(2nd B. Mordaunt of Turvey)Born: ABT 1508, Turvey, Bedfordshire, England
Acceded: 18 Aug 1562
Buried: Turvey, Bedfordshire, England
Father: John MORDAUNT (1º B. Mordaunt of Turvey)
Mother: Elizabeth De VERE (B. Mordaunt of Turvey)
Married 1: Ellen FITZLEWIS (b. ABT 1522 - d. 2 Jun 1543) (dau. of John Fitzlewis and Catherine Lovell) ABT 1537, Turvey, Bedfordshire, England
2. Elizabeth MORDAUNT
3. Margaret MORDAUNT
5. Ursula MORDAUNT
6. Son MORDAUNT
7. Dau. MORDAUNT
8. Son MORDAUNT
9. Dau. MORDAUNT
10. Son MORDAUNT
Married 2: Joan FERMOR (B. Mordaunt of Turvey) (dau. of Richard Fermor of Easton Neston and Anne Browne) (w. of Robert Wilford) ABT 1550, Turvey, Bedfordshire, England
The details in this biography come from the History of Parliament, a biographical dictionary of Members of the House of Commons.
Member of Parliament for Bedfordshire Oct. 1553, Apr. 1554, Nov. 1554, 1555. Brother of Edmund. Married 1st, settlement 26 Feb 1526, Ellen (d. 2 Jun 1543), daughter and heir of John Fitzlewes and had 4(?) sons, including Lewis, and 6 daughters; married 2nd, Licensed 3 Dec 1545, Joan, daughter of Richard Fermor of Easton Neston, Northants., widow of Robert Wilford (d. Sep or Oct 1545) of London. KB? 30 May 1533; succeeded father as 2nd Baron. Sheriff, Essex and Herts. 1540-1; bailiff, duchy of Cornwall, Newport Pound, Essex c. 1543; justice of the peace Essex 1544-47 or later, q. by 1554-64; commissioner relief, Essex 1550, musters, Essex, Herts? c. 1557, 1558, 1563, 1565, heresy 1557; steward, duchy of Lancaster, Olney, Bucks. 1552-8, Hertford and constable, Hertford castle 1554-58?; PC 1553-58?
The Mordaunts had been prominent in Bedfordshire since the 13th century. Their landed wealth had steadily increased and Sir John Mordaunt's father, besides acquiring much monastic land, had secured the wardship of the granddaughter of Sir Richard Fitzlewes and married her to his son and heir. At least until until the 1st Baron Mordaunt died, Sir John Mordaunt seems to have lived most frequently on his first wife's property at West Horndon, and it was mainly in Essex that he served as a county official. But the family's long connection with Bedfordshire, together with his own Privy Councillorship, enabled him to secure the knighthood of that shire in the first four Parliaments of Mary's reign.
As a young man, Mordaunt had been introduced by his father into Henry VIII's court, created a knight of the Bath at the coronation of Anne Boleyn, and been among the courtiers present at the arrival of Anne of Cleves at Blackheath. During the closing years of Henry VIII's reign, and increasingly under Edward VI, however, both he and his father forfeited royal favour through their opposition to religious change.
Although included in Cecil's list of gentlemen expected to transact 'affairs for Queen Jane', Mordaunt, whose second wife had formerly been in the service of Princess Mary, was one of the first prominent men to join the Marian forces. This promptitude earned him a place on Queen Mary's Council, and for some years from 22 Aug 1553, his first recorded appearance, he attended Council meetings regularly. He was present at Mary's coronation and at her wedding to Felipe of Spain; at the time of Wyatt's rising against the marriage he had been one of those appointed to organize the supply of the Tower. He was also active in suppressing opponents of Catholicism- first as a justice of the peace, and from 1557 as a heresy commissioner in the diocese of London. During the last year of the reign he was prominent in levying Essex men for service at Calais.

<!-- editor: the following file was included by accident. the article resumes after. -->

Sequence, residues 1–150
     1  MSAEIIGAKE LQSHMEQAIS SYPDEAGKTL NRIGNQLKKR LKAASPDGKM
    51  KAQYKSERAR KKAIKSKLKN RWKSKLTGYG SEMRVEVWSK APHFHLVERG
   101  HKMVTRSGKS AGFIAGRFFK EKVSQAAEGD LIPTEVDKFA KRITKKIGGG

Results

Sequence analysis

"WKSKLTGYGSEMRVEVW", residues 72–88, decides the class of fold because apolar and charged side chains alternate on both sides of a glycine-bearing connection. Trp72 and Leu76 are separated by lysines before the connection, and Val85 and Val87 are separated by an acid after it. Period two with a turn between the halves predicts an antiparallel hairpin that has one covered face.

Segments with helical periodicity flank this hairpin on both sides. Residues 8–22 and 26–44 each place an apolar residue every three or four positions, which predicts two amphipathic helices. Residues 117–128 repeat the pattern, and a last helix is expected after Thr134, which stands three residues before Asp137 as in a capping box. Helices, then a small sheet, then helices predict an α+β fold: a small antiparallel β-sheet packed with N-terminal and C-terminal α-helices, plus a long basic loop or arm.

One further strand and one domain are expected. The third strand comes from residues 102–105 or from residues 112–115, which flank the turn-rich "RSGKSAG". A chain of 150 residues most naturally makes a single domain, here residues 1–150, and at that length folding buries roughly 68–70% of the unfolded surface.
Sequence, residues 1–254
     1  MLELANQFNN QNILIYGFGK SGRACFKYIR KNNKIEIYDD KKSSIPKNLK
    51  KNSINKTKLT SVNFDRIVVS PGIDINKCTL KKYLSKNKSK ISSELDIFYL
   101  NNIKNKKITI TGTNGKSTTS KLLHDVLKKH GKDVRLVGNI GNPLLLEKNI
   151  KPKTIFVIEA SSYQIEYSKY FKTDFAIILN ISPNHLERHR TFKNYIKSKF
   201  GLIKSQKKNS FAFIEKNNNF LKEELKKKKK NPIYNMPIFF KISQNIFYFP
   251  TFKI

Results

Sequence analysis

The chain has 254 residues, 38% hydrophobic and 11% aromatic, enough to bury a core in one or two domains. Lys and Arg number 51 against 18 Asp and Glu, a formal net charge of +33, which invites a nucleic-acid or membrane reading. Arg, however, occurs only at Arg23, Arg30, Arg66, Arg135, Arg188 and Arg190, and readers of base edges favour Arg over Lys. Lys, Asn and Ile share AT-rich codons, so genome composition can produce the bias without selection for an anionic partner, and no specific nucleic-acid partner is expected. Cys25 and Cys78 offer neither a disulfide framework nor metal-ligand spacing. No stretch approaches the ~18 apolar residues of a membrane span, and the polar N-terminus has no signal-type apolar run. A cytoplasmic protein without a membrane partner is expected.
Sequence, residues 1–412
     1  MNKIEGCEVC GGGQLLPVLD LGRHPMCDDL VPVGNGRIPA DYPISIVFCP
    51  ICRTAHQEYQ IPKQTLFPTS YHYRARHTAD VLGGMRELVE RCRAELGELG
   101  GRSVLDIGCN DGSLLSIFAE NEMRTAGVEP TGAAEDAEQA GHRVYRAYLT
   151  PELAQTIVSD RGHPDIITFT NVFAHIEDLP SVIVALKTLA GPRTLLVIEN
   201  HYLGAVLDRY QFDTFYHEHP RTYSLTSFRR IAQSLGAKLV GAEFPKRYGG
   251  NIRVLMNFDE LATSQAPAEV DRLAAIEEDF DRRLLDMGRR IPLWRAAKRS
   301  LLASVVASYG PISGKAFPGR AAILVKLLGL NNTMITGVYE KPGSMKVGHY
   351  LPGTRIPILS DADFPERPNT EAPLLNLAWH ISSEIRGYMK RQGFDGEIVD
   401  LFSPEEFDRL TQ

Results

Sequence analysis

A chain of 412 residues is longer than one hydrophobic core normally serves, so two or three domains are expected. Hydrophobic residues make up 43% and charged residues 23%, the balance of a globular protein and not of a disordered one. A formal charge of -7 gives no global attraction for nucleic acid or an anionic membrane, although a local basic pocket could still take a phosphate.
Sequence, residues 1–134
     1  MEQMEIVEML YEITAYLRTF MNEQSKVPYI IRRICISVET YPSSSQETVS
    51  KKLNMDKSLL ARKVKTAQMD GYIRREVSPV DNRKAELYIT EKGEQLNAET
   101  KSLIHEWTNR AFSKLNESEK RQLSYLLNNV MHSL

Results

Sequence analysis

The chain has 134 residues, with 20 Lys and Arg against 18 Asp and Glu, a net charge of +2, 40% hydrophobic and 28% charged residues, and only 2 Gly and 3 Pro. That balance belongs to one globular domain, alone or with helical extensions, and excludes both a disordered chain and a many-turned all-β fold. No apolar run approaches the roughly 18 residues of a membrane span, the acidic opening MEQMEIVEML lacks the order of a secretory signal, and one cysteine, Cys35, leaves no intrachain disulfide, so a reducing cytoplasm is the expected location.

The accession of Elizabeth brought him into disfavour at court. By Apr 1561 his adherence to Catholicism had caused him to be imprisoned in the Fleet, 'a prisoner for the mass', but he probably did not remain there long. His religion did not prevent him from attending the Parliament of 1563 as a peer and in 1571 he named Edward, 3rd Lord Windsor, his proxy.
Mordaunt's public career had been set against a background of domestic discord. He and his elder son, Lewis, became estranged by the son's refusal to marry a daughter of his stepmother, Joan Fermor. According to the family historian, Lewis had at first been willing to marry the girl, whom he may have seduced, but his grandfather, the 1st Baron, forbade the marriage as one of disparagement. This led to a series of complicated manoeuvers. Mordaunt secured a recovery of the Fitzlewes lands to his own use, and drew up a will depriving Lewis of them if he continued to refuse the marriage, whereupon old Lord Mordaunt made arrangements virtually disinheriting Mordaunt himself in favour of Lewis, whom he ordered to leave his father's household and take up residence at Turvey. The Mordaunt estates still lay principally in Bedfordshire but included outlying manors in Buckinghamshire, Dorset, Hertfordshire, Northamptonshire and Somerset. There was also a large London house in St. Sepulchre without Newgate.
After spending much time and money in these disputes, Mordaunt and his father were officially reconciled, probably as late as 1562. Lewis inherited the Mordaunt estates in 1571, although his father's final will still appears designed to keep his son out of full enjoyment of the Fitzlewes lands for at least ten years after that date. It is probable that Lewis reached an agreement with his stepmother over these, to which, by the will of Sir Richard Fitzlewes, he was undoubtedly the heir on his father's death. This took place between 16 Apr, when Mordaunt drew up his last will, and 19 Oct 1571, when it was proved. His widow married Sir Thomas Kempe.
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